(Short for "digital to analog converter", often abbreviated to DAC) A device that converts a digital signal, represented by a stream of words, into an analog signal. The conversion process is driven by a clock, with successive words being converted at precise intervals. Each word is converted into an analog voltage; the resulting signal consists of a string of stair-steps that approximates the desired signal. Per the Nyquist theory, the stair-step signal actually fully contains the desired signal, but it also contains additional frequencies that are at the clock frequency and harmonics of the clock frequency. Filtering these out with a low pass filter results in the desired signal. (This is easier said than done; the interval between the Nyquist frequency and the clock frequency may be as short as one octave, and a filter with an extremely steep slope is required. The most advanced converters use a variety of techniques such as oversampling to further separate the clock signal frequency from the highest frequency contained within the signal being converted, so that the filtering job becomes easier.)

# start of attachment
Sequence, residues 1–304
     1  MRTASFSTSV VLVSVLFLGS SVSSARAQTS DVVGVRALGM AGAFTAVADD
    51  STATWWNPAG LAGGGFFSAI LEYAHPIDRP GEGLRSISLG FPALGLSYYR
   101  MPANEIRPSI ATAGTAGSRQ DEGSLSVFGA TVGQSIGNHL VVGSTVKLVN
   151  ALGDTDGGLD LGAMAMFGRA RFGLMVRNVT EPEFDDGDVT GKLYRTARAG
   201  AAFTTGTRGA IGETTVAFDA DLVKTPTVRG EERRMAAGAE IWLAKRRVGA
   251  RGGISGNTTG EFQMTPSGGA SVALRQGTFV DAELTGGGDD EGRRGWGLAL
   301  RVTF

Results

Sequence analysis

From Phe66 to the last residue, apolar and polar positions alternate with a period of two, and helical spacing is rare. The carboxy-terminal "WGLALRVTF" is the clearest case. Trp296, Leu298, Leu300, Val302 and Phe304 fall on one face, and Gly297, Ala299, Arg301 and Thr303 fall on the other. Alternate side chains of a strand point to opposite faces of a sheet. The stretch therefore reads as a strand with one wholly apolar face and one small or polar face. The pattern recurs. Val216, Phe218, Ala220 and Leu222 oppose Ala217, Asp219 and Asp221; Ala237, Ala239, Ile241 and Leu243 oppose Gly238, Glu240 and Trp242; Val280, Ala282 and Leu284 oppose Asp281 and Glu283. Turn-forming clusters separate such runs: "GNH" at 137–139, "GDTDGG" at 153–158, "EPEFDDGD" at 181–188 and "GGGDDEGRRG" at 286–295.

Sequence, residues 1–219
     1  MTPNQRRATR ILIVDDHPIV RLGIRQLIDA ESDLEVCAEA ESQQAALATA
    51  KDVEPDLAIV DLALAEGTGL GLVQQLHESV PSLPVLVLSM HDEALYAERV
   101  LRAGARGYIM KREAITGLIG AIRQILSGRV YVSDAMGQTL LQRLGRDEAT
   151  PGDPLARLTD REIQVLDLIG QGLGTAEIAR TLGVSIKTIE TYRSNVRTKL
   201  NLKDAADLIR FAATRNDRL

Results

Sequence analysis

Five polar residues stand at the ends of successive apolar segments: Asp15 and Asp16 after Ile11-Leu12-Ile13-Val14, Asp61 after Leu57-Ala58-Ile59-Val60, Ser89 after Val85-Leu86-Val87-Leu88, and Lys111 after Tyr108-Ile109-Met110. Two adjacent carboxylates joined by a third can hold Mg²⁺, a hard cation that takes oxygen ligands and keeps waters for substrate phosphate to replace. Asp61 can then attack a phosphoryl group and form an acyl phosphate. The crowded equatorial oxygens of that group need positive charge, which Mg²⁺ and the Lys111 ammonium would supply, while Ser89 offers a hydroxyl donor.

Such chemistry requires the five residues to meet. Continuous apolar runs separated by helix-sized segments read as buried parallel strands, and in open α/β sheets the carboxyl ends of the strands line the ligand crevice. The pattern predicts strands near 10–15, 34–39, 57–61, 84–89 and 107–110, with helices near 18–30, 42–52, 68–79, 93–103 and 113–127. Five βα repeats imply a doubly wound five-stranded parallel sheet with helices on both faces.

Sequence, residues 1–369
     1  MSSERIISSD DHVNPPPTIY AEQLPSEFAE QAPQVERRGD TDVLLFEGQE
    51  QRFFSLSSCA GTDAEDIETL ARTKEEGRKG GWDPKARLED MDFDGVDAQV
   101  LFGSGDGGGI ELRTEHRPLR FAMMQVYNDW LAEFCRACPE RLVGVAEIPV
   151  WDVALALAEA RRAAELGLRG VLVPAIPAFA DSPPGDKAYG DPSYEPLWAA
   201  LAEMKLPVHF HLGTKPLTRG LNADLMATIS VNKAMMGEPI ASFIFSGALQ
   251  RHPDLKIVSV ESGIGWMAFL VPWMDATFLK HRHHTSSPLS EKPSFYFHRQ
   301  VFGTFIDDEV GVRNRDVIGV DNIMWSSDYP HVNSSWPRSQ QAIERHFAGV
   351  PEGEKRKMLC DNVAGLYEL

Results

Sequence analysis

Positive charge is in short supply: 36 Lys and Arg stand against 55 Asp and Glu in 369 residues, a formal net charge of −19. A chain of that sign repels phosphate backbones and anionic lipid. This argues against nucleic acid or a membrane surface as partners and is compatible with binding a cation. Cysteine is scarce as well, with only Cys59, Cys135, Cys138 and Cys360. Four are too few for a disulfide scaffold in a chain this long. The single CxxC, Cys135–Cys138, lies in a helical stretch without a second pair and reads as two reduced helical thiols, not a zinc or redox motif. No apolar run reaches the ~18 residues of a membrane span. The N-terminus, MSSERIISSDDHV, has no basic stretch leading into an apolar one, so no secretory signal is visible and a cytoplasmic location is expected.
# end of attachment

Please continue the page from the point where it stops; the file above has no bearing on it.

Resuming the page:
The D/A converter is an essential component of all samplers, sample playback units, and other types of digital synthesizers and digital effects units. At some point, any digital signal must be converted back to analog before it can be heard by the human ear; although there are amplifiers that can amplify digital signals directly, there is no commercially available loudspeaker or headphone that can accept a digital signal. Note, however, that some digital units have direct digital outputs (such as S/PDIF) that allow a signal in digital form to be sent directly to a digital mixer or recording system, deferring the D/A conversion process until playback of the recorded digital signal.